How can we reverse globalization

The crisis will not reverse the world trend : Three reasons why the coronavirus won't end globalization

It is not only older people with previous illnesses who are on the list of potential victims of the corona crisis - some are also predicting the end of globalization as a result of the pandemic. Crises are actually moments for historical decisions. However, everything never changes after a crisis.

Social science research shows us that social practices change as a result of a crisis if three conditions are met. First, the practices must be seen as the cause or at least aggravating the crisis. According to the textbook, an exogenously caused, as it were through no fault of one's own company crisis requires far less restructuring than an endogenous crisis caused by one's own mistakes.

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Second, there must be alternatives that are feasible and not too costly. During the ozone hole crisis, for example, substitutes for the CFC that caused it were able to establish themselves relatively quickly because they were inexpensive to develop. A crisis is particularly likely to lead to change if, thirdly, the practices affected were already in decline before the crisis. The Second World War led to a surge in decolonization, not least because colonialism had already passed its peak.

Against this background, it must be doubted that economic globalization will become a victim of SARS-CoV-2. First of all, the virus is an exogenous shock, which as such is not a result of globalization. Although the classification of crises as exogenous or endogenous ultimately depends on social constructions - the result is not only determined by objective events, but also by political struggles for interpretation - there are many indications that the current pandemic is classified as an exogenous shock.

A pandemic can also be triggered by air travel

The epidemic occurs locally and then initially spreads in the region. The global contagion map symbolizes this through the many, more or less thick circles, each of which stands for a regional epidemic. It becomes a global pandemic through the networking of regional outbreaks.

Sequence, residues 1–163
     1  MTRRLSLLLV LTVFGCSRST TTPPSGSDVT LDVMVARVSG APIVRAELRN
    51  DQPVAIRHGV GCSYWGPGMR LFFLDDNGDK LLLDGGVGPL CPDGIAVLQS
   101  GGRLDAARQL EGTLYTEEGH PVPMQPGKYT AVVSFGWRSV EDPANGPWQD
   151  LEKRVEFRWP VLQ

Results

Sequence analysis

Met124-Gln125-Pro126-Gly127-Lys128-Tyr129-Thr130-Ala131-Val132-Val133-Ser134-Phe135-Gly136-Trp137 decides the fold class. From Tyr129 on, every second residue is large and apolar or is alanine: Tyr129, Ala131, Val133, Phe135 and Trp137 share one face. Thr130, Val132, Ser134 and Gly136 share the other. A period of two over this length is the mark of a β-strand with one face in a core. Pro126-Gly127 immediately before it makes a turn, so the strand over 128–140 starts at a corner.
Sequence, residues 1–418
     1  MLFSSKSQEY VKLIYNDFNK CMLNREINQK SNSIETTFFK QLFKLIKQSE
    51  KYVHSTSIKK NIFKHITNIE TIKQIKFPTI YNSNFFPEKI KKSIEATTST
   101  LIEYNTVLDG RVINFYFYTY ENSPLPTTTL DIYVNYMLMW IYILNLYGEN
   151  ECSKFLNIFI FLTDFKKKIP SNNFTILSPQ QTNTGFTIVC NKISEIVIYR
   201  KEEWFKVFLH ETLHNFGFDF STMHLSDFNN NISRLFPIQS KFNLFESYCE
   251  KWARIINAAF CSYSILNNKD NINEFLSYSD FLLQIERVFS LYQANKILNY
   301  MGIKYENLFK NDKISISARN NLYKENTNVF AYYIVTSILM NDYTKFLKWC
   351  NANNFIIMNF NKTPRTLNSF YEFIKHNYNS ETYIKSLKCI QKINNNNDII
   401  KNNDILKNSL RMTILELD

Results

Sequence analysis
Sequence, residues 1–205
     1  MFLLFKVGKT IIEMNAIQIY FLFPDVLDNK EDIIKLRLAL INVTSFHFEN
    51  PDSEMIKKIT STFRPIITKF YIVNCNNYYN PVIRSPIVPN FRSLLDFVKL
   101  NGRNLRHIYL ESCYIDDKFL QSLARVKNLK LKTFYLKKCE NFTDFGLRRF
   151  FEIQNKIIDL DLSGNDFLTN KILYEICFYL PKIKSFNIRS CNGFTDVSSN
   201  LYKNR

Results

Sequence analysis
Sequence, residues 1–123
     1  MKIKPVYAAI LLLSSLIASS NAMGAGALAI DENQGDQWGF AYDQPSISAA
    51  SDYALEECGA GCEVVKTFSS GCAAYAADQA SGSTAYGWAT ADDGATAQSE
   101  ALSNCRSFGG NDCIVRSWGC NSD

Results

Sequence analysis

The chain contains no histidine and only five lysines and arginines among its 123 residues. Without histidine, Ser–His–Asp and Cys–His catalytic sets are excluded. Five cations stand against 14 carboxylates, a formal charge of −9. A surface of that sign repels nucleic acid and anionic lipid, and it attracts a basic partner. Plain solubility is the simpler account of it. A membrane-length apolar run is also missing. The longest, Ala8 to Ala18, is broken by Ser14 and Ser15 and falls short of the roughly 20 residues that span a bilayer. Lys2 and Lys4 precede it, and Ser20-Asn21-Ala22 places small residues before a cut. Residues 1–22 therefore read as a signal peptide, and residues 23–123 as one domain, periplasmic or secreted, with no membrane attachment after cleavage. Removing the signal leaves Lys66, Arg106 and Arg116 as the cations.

However, there is no need for deeper globalization to spread from region to region. The normal traffic connections of an interdependent world are sufficient for this. Only when planes are no longer flying, trains and ships are no longer operating can a virus be imprisoned regionally. But that would not mean the end of globalization, it would rather be a return to the 18th century.

Even in 1831, cholera, which came from Asia, was able to reach Europe despite a military belt. The causal contribution of the further surge in globalization of the 1990s and 2000s to the spread of the global pandemic is small.

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There is no doubt that there are alternatives to global production and supply chains. A partial renationalization of economic processes is possible. However, this leads to increased costs and considerable welfare losses. When normality returns, mountains of public and private debt will have increased everywhere. We will find ourselves in a global recession. The cost pressure will then be particularly high.

This is not an environment in which the likelihood of globalization is decreasing. It is true that the production of protective masks and some medicines may be rebuilt in many nation states. But these are special facts that are not suitable for generalization.

It is true that the pace of globalization slowed down even before the crisis. However, a slowed acceleration is not a reversal, it should not be compared to a decline. Economic globalization was at a high level before the crisis. Presumably it will return there after the crisis.

Video conferences could continue

So caution is called for when quickly proclaiming the end of globalization. Exogenous shocks usually change less in the long term than the extent of the crisis would suggest. Of course, new social practices are rehearsed during the crisis that can endure if they prove to be functional. After the crisis there will probably be more video conferences and fewer international business meetings than before. That would make sense.

The virus will likely accelerate the death of local retailers and increase the market share of Amazon and Co. That would be a shame. Overall, the virus will accelerate the process of digitization because we are now forcibly adopting new digital practices. Perhaps the coronavirus will also lead to the end of the handshake and the greeting kiss as a social practice. We'd probably get used to that too.

However, it seems unlikely that German companies will cut down foreign production facilities on a large scale. It is true that companies that depend on supplies from Wuhan ran into trouble in February. But if they had their production facility or their supplier in North Rhine-Westphalia, then the problem would have been the same, only a little later. So there is a lot to suggest that after the crisis is before the crisis. Everyone will jump again and try harder than ever, especially in view of the bad economic figures to be expected.

Michael Zürn is director of the “Global Governance” department at the Social Science Research Center Berlin (WZB)

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